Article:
On a related note, The Wall Street Journal just published yet another return-of-prep story: “This classic look is trending again, populating European runways and stateside stores alike. Here, a primer on prep’s past and how to master what Brooks Brothers’ Michael Bastian calls ‘the style [Americans] invented.'” https://www.wsj.com/articles/preppy-style-history-11634760184?st=vrzo4j5unde5mju&reflink=desktopwebshare_permalink
While I suppose it is good news, the examples they gave did not instill too much confidence in me. However, perhaps the somewhat gaudy and expensive designer version of “preppy” that the article mentions may lead to an awareness of something more classically Ivy. As noted above, one can always hope.
In my environs (Mount Desert Island in Summer, VA Piedmont otherwise, DC/ NY for business) ties are relatively commonplace. I see them on weekends and weekdays in Spring, Winter and Fall, and in the summer around social events in ME exclusively. Maybe I just notice them more as they are no longer ubiquitous.
As to Chens, we have very different worldviews and notions of progress, though would note that if every thought begins with the world’s inexorable decline of the “old ways”, it’s pretty hard to argue for anything in the affirmative. And if one’s going to argue the same point over and over beginning in 1994 ad nauseum, eventually they may be correct.
“Even as I am surrounded by a sloppy sea of tee-shirted walking billboards advertising their angle on whatever, I too believe that, for some people, classic, understated clothing, including the elegant tie, will endure.
A tie need not be only synonymous with work but more like dinner at eight at the Carlyle.
You know. Fun in an elegant way.”
Man, I miss Bobby Short.
It was genuine:
Many thanks for the link to the WSJ article. How nice it would be if other comment-leavers did the same,instead of just saying something like “There’s a story about Y in today’s Y”.
In the story, mention is made of the fact that Mr.Bastian argues against the use of the term “preppy” saying that it’s too elitist. Others would argue that the style itself–and certainly neckties–are elitist. And yet,for some of us, I daresay, that is precisely one of the appeals of the style, and of neckties.
That should have been: “There’s a story about x in today’s Y”
Thanks Linkman, I figured it was. Great image find for a story heralding the possible return of neckties to some extent or other.
Aivii Riigu, respectfully, I think elitism (or the perception of elitism) is precisely what has sapped the modern world of sartorial care.
The biggest barrier for more people wearing neckties is a lack of good ties. I’ve seen the word elegant used lately on this site. The central pillar of elegance is restraint; restraint in patterns, colors, textures, and surface sheen. The ties that most people see are garish, overstated, and clownish. You can wear an understated tie most places, and in most situations, but where can you wear a necktie covered in cartoon charters and not look like a fool? Who in there twenties wants to wear a tie that makes them look as though they are already having a midlife crises?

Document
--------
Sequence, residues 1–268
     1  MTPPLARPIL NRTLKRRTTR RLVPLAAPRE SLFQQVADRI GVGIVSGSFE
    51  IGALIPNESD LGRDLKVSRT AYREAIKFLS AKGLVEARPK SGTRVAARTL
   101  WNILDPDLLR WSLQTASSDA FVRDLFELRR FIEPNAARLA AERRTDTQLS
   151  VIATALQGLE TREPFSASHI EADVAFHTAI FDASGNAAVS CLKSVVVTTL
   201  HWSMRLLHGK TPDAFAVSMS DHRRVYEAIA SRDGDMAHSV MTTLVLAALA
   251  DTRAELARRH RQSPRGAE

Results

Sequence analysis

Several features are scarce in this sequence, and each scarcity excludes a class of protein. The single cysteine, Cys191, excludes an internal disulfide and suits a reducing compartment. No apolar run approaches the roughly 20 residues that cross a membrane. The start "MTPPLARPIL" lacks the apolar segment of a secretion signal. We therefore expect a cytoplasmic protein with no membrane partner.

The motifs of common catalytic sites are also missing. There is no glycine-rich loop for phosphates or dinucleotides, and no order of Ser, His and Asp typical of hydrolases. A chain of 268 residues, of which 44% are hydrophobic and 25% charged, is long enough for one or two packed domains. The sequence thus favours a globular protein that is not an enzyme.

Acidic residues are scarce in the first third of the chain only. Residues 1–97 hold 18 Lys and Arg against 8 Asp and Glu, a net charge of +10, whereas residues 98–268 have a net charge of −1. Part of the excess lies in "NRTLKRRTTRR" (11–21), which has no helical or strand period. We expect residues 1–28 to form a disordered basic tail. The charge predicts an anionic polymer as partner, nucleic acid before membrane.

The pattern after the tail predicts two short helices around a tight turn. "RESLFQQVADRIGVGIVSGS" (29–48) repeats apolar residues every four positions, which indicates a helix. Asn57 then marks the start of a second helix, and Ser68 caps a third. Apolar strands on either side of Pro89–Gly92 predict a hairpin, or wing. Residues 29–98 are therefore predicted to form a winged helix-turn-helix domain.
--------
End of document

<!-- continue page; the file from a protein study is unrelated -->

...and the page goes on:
It’s so easy to find something that looks good on it’s own, but that does not work with the rest of your clothes. Perhaps no piece of clothing falls into this trap as easily as neck-wear. You may have to wade through a sea of silk ties, but please find a tie with some elegance. You can wear it anywhere and you will look like an adult.
In my line of work – lobbying – ties are common if not required.
There is also the other elephant in the room; modern ties are card-board stiff, heavily padded, often either excessively broad, or conversely exceedingly narrow, clownishly long affairs which have grown grotesquely in the past 90 odd years from a discrete bit of ideally tasteful, well proportioned, delicate, elegant, wistful, wiapy, sinuous, subtle silk which moved with its wearer…to quite the opposite, much the same as most modern tailoring has done…. I could go on. As a regular wearer of my Grandfather’s and Father’s wardrobes, and of other vintage pieces, I can personally attest to this, soft tailoring which allows for ease of movement and which is not grotesquely displaced by any movement at all is infinitely more comfortable and appealing than fused, stiff, excessively structured and uncomfortable modern garments with their low arm holes, low slung binding waists and tight, ill fitting torsos which constrict and flop around and are typically made of cheap tissue-like excuses for woolens which are full of an endless coterie of bizarre unnecessary variety of artificial “stretch” fibres to attempt to compensate for their gawd-awful cut which entirely ignores human and in particular male human anatonmy, and which has infected nearly every level and quality of mens ready to wear and even to some extent the custom sector….even the Ivy merchants have lowered armscyes than they used to….and that does not make for a perfectly fitting functional garment. Even 20, 30, 40 years ago….you could go to many local makers and merchants and find a decent quality suit made up in good quality woolens, and in a decent classical cut that not only flattered, but which did so, because it functioned and was designed around male, human anatomy. The one bright point amongst all of this, is the veritable renaissance of menswear which can be seen around us today, and which is not on the high street or department store so much as at the small independent purveyors who do what they do, for love of classical menswear. It is a positive trend, I say God bless them! Now, if they could only raise those armholes, drop those startled gorges before they take flight, shorten those ties, and increase the rise of those trousers to their wearers’ natural waists…we would really be somewhere, where I would be happy to be near.